I want to share with you what I am learning from this book. Of course, there are chapters that do not apply to me and other chapters that hit my issue right on the head.
Cutting my friends some slack: This, like so many things in this book are obvious, by worth repeating. Sometimes we say or do something that offends or irritates our friends and family. Doesn't it make sense that we should understand when people do this to us to be more understanding and cut them some slack? Everyone has bad days, everyone is stressed once in a while, and everyone lets a bad decision get by them once in a while. If these people are truly our friends we will cut them some slack.
I find this advice helpful when thinking of a friend of mine who interrupts me and tells me her opinion before I'm done with my thought. But, she is a really good friend who is extremely supportive of me. In my opinion it's more important to keep our friendship and be okay with her quirk, than to do anything about it. I will cut her some slack when she is over eager to be that supportive friend.
Pot-stirring: The book suggests that we not bring up old situations that may be hurtful to other people. I honestly believe that I don't do this to other people, but I do do it to myself. If left alone with my thoughts I can bring up previous conversations and confrontations and turn a perfectly good mood into a miserable one. Why do I do this? The problem is long gone. Since reading this book, I find myself starting this thought process and I am actually able to push those thoughts aside and focus on the here and now. How refreshing.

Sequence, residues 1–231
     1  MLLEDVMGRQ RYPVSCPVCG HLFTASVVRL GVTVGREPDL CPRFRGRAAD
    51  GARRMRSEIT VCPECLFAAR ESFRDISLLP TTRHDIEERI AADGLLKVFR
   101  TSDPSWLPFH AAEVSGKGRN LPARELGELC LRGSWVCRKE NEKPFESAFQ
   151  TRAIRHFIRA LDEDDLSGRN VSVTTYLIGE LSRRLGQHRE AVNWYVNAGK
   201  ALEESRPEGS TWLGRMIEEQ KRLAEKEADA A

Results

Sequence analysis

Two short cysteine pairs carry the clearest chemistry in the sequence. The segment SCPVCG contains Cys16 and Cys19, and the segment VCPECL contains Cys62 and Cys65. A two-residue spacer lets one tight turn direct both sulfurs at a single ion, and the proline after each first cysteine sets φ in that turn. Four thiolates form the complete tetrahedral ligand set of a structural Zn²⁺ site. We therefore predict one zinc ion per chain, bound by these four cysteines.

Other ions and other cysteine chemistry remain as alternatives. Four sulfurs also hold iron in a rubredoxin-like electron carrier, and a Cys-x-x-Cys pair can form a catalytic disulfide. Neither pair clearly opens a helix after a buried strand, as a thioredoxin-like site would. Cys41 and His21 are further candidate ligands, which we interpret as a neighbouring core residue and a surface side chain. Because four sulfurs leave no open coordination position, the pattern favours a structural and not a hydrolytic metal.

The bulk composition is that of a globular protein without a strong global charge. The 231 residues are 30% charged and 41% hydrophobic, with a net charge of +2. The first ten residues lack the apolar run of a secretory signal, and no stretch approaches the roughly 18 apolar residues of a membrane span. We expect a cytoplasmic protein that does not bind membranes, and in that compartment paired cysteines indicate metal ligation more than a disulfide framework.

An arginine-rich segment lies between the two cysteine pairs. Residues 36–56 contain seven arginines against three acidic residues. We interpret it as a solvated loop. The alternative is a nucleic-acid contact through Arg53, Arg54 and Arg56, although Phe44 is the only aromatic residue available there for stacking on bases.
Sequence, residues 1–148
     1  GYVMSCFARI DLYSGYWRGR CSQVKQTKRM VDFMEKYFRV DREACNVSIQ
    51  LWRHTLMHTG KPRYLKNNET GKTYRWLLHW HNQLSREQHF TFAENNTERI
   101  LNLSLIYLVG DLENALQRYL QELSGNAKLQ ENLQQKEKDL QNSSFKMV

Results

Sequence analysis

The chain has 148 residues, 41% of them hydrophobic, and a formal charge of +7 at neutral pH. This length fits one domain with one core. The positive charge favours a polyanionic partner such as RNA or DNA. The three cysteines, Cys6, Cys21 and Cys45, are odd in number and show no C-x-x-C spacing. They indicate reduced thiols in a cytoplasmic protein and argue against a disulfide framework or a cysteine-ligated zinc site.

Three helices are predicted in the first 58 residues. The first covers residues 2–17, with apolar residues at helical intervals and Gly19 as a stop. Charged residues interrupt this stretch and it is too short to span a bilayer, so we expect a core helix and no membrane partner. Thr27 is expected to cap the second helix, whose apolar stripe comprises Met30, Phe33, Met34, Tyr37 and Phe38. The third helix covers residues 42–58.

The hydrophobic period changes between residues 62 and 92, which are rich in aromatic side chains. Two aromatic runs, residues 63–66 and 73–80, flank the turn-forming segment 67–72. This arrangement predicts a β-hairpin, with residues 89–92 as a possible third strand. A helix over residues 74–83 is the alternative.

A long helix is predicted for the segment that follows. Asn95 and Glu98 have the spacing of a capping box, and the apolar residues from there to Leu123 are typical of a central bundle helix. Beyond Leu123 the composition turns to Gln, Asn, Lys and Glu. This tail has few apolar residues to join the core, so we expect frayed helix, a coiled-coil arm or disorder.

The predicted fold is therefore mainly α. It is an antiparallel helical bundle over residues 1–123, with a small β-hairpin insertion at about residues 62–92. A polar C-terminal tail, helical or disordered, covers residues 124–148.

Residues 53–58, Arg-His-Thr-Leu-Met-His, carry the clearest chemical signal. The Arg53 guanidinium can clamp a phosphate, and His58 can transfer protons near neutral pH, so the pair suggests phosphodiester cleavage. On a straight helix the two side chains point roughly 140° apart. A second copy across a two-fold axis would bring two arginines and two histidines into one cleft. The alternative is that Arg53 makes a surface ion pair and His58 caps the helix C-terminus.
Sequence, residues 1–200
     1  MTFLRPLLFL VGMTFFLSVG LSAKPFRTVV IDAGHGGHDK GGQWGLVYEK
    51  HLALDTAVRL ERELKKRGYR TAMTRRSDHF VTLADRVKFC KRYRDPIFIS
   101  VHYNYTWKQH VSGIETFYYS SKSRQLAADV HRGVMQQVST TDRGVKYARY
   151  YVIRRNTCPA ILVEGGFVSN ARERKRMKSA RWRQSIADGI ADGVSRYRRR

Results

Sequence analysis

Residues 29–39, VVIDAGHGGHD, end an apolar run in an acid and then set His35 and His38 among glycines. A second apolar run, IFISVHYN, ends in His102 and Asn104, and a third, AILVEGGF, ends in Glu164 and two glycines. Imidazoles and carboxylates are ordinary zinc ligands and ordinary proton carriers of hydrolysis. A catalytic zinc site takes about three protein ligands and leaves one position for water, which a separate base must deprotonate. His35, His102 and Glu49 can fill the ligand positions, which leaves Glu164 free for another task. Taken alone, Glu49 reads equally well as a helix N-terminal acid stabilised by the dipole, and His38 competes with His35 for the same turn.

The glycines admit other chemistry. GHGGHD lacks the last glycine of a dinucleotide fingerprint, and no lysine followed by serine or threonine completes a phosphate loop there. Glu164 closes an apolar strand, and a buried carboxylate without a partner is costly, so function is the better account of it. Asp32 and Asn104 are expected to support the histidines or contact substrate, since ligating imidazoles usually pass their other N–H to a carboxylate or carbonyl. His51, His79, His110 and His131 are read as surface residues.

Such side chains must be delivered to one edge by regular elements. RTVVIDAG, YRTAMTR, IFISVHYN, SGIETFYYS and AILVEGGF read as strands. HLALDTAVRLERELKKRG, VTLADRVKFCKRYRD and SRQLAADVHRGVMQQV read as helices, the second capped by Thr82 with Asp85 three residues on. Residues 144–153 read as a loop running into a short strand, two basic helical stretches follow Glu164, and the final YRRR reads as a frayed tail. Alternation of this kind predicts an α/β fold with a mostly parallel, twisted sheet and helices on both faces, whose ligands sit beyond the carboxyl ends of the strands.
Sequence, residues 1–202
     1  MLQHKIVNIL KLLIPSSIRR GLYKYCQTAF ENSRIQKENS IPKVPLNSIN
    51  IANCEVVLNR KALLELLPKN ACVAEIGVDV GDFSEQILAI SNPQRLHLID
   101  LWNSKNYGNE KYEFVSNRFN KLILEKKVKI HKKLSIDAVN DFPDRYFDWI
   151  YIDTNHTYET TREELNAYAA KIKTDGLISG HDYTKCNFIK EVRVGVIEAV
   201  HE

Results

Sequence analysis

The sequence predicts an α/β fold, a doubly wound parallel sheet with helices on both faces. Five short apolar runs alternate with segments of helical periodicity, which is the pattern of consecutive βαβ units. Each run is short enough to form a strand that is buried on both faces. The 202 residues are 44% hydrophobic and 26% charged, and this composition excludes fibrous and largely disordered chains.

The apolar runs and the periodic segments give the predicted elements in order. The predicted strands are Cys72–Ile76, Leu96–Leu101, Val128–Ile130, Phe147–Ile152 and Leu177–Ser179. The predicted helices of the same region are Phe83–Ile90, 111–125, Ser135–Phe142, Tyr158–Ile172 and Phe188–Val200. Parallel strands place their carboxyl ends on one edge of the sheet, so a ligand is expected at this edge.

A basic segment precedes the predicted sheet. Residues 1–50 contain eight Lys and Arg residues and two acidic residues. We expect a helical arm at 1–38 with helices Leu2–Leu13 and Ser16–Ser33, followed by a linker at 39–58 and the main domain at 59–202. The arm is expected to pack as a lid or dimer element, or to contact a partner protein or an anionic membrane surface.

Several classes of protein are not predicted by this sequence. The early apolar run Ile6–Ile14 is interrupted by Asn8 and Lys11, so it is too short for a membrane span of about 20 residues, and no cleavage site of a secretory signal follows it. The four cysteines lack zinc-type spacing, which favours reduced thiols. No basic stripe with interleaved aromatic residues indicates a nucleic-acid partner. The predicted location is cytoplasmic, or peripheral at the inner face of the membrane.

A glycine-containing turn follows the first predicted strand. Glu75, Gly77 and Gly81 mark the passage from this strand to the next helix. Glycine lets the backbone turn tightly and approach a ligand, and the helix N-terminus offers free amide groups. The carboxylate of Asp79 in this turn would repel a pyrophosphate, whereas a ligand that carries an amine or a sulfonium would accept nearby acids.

Look in the mirror: This chapter presents the idea that the things that we find irritating in other people are actually behaviors that we ourselves possess. Interesting. Here is what I find irritating about a few of my friends: they interrupt, they act like they have all the answers, and they are competitive. Oh my. That's a lot to swallow if this is how I act. If I interrupt people I am not aware of it, so I need to pay more attention. Maybe I do act like I know it all...so I tried something at work the other day. A colleague of mine was having trouble with a family member and wanted to vent a little bit. So I listened, and even though I had a few suggestions I kept them to myself. Unlike other times we've had these conversations where she gets slightly defensive, she opened up more when she realized that I assume to have all the answers. Now I realize why she reacted the way she use to...she was reacting to my suggestions not to her original gripe.
I suppose that's enough for one day.